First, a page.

PROCAMPO, Mexico’s largest federal farm subsidy programme, was designed to support the neediest farmers. There have been concerns since 2007 that these subsidies were not going to those most in need of support. However, due to the lack of transparency and data on these programmes, it was very difficult for the public to access information on the destinations of these public funds.
In order to address this problem, a Mexican NGO called Fundar Center for Analysis and Research, requested information on subsidy distribution from the Mexican Ministry of Agriculture. 30 information requests and 16 appeals later, Fundar was able to obtain official data on the recipients of the agricultural subsidies.
Fundar and other civil society groups decided to publish up-to-date information about the farm subsidies on a database, Subsidios al Campo en Mexico, in order to make data more easily accessible for members of the public .
Analysis of the now-available data from the database confirmed initial fears of unequal distribution of these subsidies: 57% of the benefits were distributed amongst the wealthiest 10% of recipients.The analysis exposed the political influence of a small group of wealthy farmers and the lack of institutional accountability which allowed them to capture the subsidy programmes.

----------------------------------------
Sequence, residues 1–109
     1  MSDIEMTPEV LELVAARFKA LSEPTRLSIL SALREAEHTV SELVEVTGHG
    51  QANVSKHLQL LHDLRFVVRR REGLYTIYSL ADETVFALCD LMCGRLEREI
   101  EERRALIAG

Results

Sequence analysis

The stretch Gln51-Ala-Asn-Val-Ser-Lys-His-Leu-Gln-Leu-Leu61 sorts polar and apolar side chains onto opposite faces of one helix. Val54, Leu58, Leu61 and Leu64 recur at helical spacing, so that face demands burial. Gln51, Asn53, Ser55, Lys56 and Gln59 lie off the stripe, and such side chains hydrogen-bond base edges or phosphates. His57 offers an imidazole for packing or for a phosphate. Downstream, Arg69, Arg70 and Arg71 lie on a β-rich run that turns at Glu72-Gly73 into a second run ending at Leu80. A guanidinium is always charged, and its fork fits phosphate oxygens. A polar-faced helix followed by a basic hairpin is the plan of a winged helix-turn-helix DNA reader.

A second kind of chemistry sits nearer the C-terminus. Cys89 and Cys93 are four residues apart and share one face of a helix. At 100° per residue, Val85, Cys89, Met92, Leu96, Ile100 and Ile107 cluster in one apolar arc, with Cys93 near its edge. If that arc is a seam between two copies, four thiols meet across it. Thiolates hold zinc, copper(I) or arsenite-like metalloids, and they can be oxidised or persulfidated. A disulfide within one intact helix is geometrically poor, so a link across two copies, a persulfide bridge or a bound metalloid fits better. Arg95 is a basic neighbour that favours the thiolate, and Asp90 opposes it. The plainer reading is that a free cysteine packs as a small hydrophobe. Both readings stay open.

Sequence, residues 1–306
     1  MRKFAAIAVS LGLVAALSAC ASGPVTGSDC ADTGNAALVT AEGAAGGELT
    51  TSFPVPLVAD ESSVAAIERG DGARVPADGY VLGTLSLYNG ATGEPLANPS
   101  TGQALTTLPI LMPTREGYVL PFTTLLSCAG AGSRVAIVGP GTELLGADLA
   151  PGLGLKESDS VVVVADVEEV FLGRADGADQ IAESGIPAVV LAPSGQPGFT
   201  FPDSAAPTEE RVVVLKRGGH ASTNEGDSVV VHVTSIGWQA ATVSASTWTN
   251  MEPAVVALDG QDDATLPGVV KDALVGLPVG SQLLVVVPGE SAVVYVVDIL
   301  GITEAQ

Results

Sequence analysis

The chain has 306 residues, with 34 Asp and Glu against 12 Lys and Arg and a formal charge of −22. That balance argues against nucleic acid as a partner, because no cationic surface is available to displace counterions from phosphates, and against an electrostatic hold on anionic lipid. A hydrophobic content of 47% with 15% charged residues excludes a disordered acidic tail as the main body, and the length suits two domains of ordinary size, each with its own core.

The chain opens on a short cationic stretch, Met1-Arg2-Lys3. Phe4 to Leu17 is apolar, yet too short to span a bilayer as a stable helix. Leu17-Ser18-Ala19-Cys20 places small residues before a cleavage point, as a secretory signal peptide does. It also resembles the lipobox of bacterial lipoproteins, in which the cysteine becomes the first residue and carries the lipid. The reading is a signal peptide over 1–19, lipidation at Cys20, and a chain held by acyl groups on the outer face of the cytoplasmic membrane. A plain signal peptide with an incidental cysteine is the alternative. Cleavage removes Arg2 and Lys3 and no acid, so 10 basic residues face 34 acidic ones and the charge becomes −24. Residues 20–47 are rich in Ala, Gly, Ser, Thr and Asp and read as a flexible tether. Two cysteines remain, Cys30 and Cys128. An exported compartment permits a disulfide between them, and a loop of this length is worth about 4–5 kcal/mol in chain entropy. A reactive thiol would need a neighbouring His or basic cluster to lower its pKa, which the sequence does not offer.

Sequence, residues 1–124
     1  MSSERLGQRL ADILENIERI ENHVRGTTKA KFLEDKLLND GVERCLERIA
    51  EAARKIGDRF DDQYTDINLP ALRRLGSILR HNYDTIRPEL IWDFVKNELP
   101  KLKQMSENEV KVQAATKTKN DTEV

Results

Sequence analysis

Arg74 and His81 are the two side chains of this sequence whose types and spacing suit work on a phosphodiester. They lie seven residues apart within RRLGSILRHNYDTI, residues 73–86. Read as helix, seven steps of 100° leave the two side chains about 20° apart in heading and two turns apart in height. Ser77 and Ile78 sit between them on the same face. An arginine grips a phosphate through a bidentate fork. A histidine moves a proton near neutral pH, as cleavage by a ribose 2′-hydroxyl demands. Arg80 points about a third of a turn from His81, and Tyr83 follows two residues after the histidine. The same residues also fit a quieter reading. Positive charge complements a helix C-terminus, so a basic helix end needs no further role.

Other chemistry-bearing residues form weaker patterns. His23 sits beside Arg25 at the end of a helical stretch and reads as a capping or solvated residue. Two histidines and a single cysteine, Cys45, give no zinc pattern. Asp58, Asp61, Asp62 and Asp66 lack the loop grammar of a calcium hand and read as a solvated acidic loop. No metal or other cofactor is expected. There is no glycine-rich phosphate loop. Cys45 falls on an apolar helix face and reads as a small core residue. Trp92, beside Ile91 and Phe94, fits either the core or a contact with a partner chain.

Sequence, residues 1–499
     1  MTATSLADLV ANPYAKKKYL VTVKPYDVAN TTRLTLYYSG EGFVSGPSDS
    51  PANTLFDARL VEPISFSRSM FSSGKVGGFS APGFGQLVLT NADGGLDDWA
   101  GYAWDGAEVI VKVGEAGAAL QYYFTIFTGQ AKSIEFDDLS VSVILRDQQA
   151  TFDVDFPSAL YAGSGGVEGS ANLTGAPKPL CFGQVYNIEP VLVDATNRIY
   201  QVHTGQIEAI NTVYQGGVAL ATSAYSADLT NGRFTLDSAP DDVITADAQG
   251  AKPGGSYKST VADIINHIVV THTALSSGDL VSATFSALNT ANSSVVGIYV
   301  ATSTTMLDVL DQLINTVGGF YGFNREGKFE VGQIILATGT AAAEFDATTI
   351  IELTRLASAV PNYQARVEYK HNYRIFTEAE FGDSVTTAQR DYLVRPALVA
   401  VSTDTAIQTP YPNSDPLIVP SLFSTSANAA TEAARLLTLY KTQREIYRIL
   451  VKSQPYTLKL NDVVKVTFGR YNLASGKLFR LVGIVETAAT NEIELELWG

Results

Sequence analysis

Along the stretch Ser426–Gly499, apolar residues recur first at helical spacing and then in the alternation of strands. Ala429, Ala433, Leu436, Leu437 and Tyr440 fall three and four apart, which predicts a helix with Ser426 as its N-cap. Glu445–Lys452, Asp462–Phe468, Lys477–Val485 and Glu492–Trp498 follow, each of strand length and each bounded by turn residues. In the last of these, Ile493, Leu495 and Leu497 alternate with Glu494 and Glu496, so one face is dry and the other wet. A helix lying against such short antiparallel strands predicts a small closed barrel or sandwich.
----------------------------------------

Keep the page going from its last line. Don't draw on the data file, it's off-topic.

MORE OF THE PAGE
The website was a hit and widely used by the public- academics, policy experts and non-experts alike. The issue received national media coverage and enabled the public to hold discussions to examine whether these public funds were used effectively and appropriately. It also raised important questions such as: why was there a lack of control over the distribution of these subsidies? Why were taxpayers helping wealthy farmers get richer? Fundar was able to make a strong case for the need for transparency and accountability to the government because these questions and findings arose from official government data.
As a result, smaller farmers received more subsidies and other important reforms to the Procampo programme took place. Caps were introduced to individual payments and maximum and minimum limits were established. Public officials responsible for the programme were formally questioned in the Senate and several were removed from office. The government also introduced measures to try and regain control over fund distribution.
However, institutional accountability mechanisms still remains weak and not all of the promised policy reforms have been effectively implemented. Despite these limitations, the farm subsidy database became a public good acknowledged to be reliable and valid and it will continue the debate on any misappropriation of funds and draw attention to any lack of compliance by the government. It will continue to monitor not only how subsidy programmes are managed and implemented but whether it is done fairly.
- Reliable and valid data is essential for effective evidence-based advocacy.
- Collaborative efforts between journalists, academics and other members of the public are essential in bringing about policy changes.
- Powerful interest groups, reluctant government institutions resistant to change and ineffective accountability mechanisms can act as obstacles.
Photo credit: Tim & Annette